Plated bullets are easy to reload, but there are a few things to consider. First and foremost make sure you pick a plated bullet that will handle your intended velocity. Next you need to realize there is not nearly as much published data on plated bullets as there is for cast lead or jacketed. Some manuals will list Rainier bullets or Speer gold dots. Gold dots are heavily plated and designed for defensive purposes. If you can’t find any data for plated some people say to split the difference between jacketed and lead in terms of max load/velocity. I personally have always been able to find some load data. Especially with the powder manufacturers adding online configurators.
Can you Crimp Plated Bullets?
Crimping can present an issue for plated bullets, although I think most people freak out over nothing. If you roll crimp a plated bullet too much you will can cut through the plating. This can lead to the bullets shedding the copper plating from the crimp to the base of the bullet when it is traveling down the bore. This is not good because you will get extreme lead fouling/galling and shitty accuracy.
Everyone you talk to jerks themselves off about how you have to be careful when you crimp with plated bullets. In reality 99% of those people are taper crimping because they are shooting a semi auto. I don’t know if you could even taper crimp enough to cut through the plating. Since most semi-autos head space off the case mouth I think you would have bigger problems if you went all Bruce Banner and taper crimped through the plating. In my experience I’ve had exactly ZERO issues related to over-crimping, and a SHIT TON related to under crimping.
Hence this quick pic of what happens when you don’t crimp enough:
Yeah you’re seeing that right. I attempted to jack a round out of the chamber and ended up separating the bullet from the case. While this is irritating it’s not particularly dangerous, unless the bullet goes the other way and get pushed into the case when it hits the feed ramp. That’s called bullet set back and it’s a great way to blow your gun up.
Will Plated Bullets work with my rifling?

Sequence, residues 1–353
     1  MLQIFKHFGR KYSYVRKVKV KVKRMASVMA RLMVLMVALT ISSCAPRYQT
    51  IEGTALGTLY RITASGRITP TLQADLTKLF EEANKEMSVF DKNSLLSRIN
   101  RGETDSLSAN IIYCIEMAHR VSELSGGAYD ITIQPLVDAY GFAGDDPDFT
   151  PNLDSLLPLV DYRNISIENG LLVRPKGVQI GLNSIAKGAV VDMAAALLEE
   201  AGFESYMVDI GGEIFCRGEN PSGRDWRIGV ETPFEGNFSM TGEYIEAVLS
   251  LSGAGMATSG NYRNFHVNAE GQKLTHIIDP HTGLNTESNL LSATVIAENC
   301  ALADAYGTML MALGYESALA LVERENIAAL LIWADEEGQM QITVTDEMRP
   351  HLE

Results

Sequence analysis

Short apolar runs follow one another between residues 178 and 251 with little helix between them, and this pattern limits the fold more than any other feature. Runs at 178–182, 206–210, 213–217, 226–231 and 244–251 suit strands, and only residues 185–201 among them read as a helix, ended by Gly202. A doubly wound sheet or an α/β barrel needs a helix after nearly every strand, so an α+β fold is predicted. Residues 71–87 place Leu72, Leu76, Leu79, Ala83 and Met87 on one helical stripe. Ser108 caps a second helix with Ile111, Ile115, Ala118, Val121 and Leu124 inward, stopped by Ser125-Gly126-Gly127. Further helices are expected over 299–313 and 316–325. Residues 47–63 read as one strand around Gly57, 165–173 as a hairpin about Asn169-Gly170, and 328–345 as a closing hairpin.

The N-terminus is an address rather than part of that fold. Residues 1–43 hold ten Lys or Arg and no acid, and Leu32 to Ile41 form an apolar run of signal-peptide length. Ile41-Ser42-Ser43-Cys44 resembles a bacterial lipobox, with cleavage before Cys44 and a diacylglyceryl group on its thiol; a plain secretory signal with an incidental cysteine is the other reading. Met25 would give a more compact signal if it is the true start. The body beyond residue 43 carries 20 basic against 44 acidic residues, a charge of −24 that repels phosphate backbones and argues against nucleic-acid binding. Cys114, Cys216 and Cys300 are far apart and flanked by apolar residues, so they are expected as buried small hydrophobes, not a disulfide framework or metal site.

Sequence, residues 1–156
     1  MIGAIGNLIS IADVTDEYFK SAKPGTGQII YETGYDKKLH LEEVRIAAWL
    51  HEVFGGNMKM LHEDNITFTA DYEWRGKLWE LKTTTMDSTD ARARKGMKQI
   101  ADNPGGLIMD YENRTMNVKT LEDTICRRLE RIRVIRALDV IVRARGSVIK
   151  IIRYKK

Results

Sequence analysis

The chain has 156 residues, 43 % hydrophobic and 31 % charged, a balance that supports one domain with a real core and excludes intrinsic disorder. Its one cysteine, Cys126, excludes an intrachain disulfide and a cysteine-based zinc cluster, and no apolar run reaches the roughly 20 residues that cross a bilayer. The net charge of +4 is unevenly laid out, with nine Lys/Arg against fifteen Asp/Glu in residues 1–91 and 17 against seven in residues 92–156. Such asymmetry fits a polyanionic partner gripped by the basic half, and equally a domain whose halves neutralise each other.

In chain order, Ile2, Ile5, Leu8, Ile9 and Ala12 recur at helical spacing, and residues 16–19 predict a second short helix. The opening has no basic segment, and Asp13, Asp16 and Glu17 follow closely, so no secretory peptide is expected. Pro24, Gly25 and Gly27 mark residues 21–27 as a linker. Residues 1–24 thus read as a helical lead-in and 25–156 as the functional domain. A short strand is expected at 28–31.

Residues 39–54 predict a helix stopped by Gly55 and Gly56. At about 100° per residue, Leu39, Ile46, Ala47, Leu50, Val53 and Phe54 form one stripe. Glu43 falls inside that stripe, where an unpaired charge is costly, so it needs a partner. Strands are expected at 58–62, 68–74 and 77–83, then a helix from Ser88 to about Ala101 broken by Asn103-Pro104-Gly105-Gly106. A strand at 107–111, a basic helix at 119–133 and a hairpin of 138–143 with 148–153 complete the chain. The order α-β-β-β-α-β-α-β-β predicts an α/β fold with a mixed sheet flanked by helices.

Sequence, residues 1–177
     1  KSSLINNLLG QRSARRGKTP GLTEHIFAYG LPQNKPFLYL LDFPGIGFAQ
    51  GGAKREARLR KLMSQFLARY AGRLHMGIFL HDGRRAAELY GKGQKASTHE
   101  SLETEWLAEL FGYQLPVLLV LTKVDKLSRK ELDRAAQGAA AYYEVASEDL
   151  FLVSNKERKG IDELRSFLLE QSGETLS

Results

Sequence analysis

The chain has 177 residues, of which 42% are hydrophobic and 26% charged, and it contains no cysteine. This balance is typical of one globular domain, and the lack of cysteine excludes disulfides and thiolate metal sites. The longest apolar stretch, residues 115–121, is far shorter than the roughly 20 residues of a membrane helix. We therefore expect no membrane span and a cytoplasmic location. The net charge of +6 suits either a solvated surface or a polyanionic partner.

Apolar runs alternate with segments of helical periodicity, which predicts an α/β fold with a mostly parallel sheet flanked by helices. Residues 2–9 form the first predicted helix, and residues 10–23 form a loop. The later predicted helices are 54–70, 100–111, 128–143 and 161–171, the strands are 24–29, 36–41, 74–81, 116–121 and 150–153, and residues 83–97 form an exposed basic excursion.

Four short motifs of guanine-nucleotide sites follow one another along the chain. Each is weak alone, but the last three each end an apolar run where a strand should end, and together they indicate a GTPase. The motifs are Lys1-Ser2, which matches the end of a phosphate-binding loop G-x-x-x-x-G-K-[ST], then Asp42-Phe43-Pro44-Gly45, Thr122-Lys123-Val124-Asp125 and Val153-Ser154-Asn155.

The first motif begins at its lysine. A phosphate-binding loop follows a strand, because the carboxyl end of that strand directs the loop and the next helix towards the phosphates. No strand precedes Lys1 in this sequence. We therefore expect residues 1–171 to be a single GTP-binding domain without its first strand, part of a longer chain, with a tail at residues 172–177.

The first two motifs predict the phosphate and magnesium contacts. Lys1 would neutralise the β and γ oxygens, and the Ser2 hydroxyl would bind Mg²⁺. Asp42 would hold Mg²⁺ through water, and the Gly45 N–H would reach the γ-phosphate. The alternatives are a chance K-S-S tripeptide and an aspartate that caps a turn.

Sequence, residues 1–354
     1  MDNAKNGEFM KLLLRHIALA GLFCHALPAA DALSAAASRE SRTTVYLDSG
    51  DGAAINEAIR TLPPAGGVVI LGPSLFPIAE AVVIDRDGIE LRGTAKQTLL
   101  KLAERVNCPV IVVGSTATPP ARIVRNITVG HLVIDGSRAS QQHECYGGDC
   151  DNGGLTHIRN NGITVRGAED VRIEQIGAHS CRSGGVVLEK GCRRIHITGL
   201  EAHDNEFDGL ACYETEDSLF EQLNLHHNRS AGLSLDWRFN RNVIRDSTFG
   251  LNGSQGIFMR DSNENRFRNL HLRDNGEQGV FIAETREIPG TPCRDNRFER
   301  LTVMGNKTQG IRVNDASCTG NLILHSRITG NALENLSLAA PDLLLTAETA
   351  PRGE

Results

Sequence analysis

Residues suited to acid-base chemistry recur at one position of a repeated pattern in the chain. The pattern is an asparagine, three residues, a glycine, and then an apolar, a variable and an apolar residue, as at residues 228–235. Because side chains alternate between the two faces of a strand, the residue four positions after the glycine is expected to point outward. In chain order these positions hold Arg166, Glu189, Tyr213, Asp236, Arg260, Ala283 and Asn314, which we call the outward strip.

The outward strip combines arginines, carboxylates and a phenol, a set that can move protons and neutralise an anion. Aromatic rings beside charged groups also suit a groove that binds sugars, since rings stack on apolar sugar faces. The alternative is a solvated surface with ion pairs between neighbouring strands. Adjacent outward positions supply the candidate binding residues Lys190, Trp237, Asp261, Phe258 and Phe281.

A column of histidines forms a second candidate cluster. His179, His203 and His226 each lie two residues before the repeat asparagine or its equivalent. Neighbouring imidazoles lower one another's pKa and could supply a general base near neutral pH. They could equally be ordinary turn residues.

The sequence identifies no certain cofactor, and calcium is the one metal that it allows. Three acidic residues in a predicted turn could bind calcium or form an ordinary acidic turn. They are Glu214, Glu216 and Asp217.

Short answer: Maybe. This is another one of those things that gets repeated on forums all the damn time. The two types of rifling you want to be aware of are polygonal and micro groove. I’m sure everyone has heard of polygonal because everyone and their mom finger bangs themselves over Glocks. The factory barrels from Glock have earned a reputation for not liking lead, plated, and coated bullets. Some of this is based in truth, most is people just repeating something they heard. In reality the issue is a combination of polygonal rifling, bullet diameter not matching the bore, and the internal barrel coating. When anyone of these (or all of them) get too out of whack it can cause rapid leading of the bore. Which can result in the notorious Glock KB (Kaboom!).
That’s one of the reasons people by aftermarket barrels like Lone Wolf. The other reason is because people just like spending money. I don’t own a Glock because if I wanted to shoot a plastic gun with a shitty trigger I would go to my nearest arcade, then punch myself in the dick.
The picture below is standard rifling in my M1 Carbine. You’ll see why this is relevant when you see Mirco Grove in a minute.
While I can’t personally comment on the polygonal rifling, I can talk about microgroove. Back in the 50s Marlin started using a new rifling scheme called microgroove. Basically it had 2-3 times the number of groves that standard rifling schemes did, and the bore was slightly larger than standard.
They said that this would decrease fouling, lower chamber pressure, increase accuracy…blah, blah, blah. Well it turns out it works great if you match your bullet size to the bore. Anytime you don’t match bullet to bore, especially with cast lead, you might as well file your sights off, cause they won’t help you. I shot some 158gr RNFP plated Xtreme Bullets out of my micro groved marlin and got 36” patterns at 35 yards. Yeah I said patterns, if your “group” is that large at that close a distance is ceases to be a group and becomes a pattern.